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Air variability in maxillary sinus during radiotherapy for sinonasal carcinoma

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Introduction: The aim was to characterise patterns and predictability of aeration changes in the ipsilateral maxillary sinus during intensity-modulated radiotherapy (IMRT) for sinonasal cancer (SNC), and in a sample evaluate the dosimetric effects of aeration changes for both photon and proton therapy. Materials and methods: The study included patients treated with IMRT for SNC in a single institution in 2009–2017. The volume of air in the ipsilateral maxillary sinus was recorded in 1578 daily cone beam computer tomography (CBCT) from 53 patients. Patterns of changing air volumes were categorised as ‘stable’, increasing’, ‘decreasing’, or ‘erratic’. For the prediction analysis, categorisation was performed based both on the entire treatment course and the first five fractions (F1–5). Photon and proton therapy plans were generated for four patients, the one from each category with the largest aeration variation. Synthetic CT images were generated for each CBCT and all plans were recalculated on the daily synthetic CTs. Results: The absolute volume of air varied considerably during the treatment course, ranging from 0 to 25.9 cm3. Changes within a single participant varied in the range of 0–18.7 cm3. In the categorisation of patterns, most patients had increasing aeration of the sinus. Generally, patterns of aeration could not be predicted from F1–5. Patients categorised as increasing in F1–5 had the best prediction, with 78% predicted correctly as increasing for the entire treatment course. The numeric correlation coefficients for target coverage and air volume were low for 3/4 scenarios (photons 0.03–0.23, protons 0.26–0.48). No straightforward correlation between the dosimetric effect and the volume changes could be detected in the sample test of four patients for neither photon nor proton therapy. Conclusion: The variation of aeration was large and unpredictable. No clear dosimetric consequences of the aeration variation were evident for neither IMRT nor proton therapy for the patients investigated.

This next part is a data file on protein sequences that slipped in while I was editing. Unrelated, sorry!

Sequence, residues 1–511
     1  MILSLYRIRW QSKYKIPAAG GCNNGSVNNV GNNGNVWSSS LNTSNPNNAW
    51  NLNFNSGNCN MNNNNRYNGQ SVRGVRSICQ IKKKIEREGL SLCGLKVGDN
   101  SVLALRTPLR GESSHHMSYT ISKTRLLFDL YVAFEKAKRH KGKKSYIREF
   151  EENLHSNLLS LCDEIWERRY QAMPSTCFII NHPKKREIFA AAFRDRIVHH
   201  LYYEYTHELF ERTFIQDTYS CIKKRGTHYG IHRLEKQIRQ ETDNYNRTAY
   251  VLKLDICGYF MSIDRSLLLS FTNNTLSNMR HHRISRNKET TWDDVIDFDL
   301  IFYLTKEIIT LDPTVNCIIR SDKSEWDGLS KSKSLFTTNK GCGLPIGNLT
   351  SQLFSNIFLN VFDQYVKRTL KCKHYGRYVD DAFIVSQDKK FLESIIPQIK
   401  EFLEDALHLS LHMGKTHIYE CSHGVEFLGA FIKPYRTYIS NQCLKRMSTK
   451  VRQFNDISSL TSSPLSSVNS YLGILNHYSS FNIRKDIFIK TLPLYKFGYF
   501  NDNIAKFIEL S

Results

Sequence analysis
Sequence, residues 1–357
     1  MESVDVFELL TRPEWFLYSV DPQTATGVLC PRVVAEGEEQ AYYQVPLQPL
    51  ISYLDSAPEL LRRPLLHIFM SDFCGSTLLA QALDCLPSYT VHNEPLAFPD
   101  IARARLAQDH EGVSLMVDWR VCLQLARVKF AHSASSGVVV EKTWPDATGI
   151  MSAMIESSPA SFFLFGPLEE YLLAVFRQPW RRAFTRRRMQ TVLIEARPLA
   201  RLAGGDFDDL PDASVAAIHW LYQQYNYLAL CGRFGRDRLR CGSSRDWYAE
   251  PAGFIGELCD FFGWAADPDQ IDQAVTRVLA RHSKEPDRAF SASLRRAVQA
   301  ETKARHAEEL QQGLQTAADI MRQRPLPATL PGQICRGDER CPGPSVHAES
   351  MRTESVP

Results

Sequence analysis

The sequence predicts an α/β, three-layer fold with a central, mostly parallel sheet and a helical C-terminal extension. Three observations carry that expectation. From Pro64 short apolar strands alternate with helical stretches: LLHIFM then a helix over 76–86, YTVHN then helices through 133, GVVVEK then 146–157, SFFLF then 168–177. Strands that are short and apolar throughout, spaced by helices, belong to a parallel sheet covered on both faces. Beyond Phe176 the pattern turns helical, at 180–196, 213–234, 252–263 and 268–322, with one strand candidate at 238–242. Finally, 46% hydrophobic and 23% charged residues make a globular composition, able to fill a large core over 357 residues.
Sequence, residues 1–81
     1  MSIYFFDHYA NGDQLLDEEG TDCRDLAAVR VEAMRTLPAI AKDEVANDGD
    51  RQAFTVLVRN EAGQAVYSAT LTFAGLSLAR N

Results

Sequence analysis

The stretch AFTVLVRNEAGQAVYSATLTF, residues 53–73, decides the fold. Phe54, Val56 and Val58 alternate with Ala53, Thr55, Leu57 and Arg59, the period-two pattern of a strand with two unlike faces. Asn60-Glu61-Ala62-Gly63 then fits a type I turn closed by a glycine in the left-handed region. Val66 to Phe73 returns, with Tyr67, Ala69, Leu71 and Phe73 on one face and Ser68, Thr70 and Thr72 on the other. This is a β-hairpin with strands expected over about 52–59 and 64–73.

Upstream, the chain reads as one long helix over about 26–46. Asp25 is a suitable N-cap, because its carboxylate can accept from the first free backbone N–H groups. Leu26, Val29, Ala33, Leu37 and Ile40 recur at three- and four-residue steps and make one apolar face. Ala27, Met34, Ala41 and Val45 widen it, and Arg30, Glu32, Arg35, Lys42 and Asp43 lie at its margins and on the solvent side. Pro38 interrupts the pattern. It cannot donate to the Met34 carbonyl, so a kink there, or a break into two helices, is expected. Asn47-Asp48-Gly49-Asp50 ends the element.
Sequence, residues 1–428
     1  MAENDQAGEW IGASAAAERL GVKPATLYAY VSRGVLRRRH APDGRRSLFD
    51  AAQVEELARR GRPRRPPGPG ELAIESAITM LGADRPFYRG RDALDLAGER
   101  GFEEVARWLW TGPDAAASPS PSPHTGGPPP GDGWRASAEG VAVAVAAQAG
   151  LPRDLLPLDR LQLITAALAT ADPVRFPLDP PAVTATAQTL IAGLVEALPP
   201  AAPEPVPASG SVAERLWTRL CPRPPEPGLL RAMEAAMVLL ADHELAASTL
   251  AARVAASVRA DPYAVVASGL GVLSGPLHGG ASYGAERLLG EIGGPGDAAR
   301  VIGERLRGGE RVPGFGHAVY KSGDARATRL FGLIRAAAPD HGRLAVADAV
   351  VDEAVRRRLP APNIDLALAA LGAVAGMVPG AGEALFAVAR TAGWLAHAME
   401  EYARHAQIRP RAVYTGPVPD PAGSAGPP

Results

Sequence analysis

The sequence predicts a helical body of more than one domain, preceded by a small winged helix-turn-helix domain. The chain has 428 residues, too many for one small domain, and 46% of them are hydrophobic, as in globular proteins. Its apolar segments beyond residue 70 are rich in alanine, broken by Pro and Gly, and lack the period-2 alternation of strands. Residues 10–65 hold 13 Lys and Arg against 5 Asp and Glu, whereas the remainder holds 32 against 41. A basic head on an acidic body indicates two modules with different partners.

Original languageEnglish
JournalClinical and Translational Radiation Oncology
Pages (from-to)36-43
Number of pages8
Publication statusPublished - Mar 2021

    Research areas

  • Aeration maxillary sinus, IMRT, Maxillary sinus, Proton therapy, Sinonasal cancer

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